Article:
The art of not working at work

Something that would have surprised Taylor is that slacking is not always the product of discontent, but also of having too few tasks to fill the hours. According to repeated surveys by, not having “enough work to do” is the most common reason for slacking off at work. The service sector offers new types of work in which periods of downtime are long and tougher to eliminate than on the assembly line: A florist watching over an empty flower shop, a logistics manager who did all his work between 2 and 3 p.m., and a bank clerk responsible for a not-so-popular insurance program are some examples of employees I talked with who never actively strived to work less. Like the civil servant of Menden, they offered their services, but when the flow of assignments petered out, they did not shout it from the rooftops.

Many would say that the underworked should talk to their bosses, but that doesn’t always help. I spoke with a Swedish bank clerk who said he was only doing 15 minutes’ worth of work a day. He asked his manager for more responsibilities, to no avail, then told his boss of his idleness. Did he get more to do? Barely. When I spoke with him, he was working three-hour days—there were laws that barred any workday shorter than that—and his intervention only added another 15 minutes to his workload.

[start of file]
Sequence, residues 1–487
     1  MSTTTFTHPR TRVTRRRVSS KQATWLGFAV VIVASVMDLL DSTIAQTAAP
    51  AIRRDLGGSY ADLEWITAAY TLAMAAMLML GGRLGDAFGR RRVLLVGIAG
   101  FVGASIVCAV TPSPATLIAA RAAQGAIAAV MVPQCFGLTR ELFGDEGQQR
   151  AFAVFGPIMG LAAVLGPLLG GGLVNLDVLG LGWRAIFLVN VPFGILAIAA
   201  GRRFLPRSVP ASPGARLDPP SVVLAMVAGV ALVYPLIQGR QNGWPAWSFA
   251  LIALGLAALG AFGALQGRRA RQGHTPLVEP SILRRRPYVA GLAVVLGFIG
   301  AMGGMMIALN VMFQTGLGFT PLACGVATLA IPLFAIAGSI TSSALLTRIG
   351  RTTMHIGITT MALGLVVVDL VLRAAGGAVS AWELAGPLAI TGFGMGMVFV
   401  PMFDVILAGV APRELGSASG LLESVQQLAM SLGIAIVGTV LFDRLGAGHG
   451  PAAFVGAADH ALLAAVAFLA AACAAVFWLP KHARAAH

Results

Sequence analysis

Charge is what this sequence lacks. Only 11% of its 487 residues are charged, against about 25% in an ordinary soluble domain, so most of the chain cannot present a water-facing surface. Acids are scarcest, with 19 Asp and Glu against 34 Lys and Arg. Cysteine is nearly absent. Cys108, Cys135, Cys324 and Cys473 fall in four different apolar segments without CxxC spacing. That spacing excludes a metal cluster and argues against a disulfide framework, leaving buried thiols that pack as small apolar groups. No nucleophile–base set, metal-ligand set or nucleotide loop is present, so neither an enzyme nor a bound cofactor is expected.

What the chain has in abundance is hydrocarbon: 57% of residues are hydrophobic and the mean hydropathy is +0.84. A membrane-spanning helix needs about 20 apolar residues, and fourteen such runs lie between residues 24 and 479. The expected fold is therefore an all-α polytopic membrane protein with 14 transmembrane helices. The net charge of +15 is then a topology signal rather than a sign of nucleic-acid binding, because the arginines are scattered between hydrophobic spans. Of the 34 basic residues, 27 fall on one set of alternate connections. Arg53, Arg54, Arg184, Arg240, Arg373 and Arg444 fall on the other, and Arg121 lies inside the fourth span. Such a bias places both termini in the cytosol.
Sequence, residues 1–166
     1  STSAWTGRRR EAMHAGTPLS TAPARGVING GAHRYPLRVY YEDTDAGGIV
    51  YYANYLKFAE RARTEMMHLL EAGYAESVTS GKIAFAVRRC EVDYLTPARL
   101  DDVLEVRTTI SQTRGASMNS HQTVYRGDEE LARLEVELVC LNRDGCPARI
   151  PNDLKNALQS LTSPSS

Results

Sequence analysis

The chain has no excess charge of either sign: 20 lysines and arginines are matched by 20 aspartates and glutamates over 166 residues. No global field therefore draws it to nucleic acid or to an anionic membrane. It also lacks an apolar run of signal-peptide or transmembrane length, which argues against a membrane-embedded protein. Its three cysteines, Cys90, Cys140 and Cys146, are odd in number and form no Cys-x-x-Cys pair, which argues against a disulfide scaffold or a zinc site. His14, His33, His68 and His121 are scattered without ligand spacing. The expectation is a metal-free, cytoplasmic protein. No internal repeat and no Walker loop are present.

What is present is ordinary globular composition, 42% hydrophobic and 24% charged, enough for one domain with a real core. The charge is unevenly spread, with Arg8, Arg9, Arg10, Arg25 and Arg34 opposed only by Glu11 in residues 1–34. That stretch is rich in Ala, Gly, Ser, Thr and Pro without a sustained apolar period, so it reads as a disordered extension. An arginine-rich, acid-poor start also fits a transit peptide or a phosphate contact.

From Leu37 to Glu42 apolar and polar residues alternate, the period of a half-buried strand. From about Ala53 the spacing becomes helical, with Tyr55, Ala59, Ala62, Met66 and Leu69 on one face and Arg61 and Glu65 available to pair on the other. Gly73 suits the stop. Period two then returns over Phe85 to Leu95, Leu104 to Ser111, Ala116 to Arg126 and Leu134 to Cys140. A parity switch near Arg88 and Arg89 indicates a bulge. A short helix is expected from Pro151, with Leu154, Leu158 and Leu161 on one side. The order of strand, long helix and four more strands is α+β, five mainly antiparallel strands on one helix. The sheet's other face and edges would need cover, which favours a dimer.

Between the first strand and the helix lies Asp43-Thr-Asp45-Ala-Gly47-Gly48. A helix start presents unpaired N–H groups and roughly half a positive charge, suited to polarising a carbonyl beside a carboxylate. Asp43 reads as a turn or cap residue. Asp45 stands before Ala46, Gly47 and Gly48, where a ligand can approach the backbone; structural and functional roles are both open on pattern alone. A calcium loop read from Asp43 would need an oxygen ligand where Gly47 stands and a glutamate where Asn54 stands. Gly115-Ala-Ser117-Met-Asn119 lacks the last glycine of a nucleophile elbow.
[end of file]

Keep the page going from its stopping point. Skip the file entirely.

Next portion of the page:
There’s a widely held belief that more work always exists for those who want it. But is that true? Everywhere we look, technology is replacing human labor. In OECD countries, productivity has more than doubled since the ’70s. Yet there has been no perceptible movement to reduce workers’ hours in relation to this increased productivity; instead, the virtues of “creating jobs” are trumpeted by both Democrats and Republicans. The project of job creation hasn’t been a complete failure, but the fact of unemployment still looms.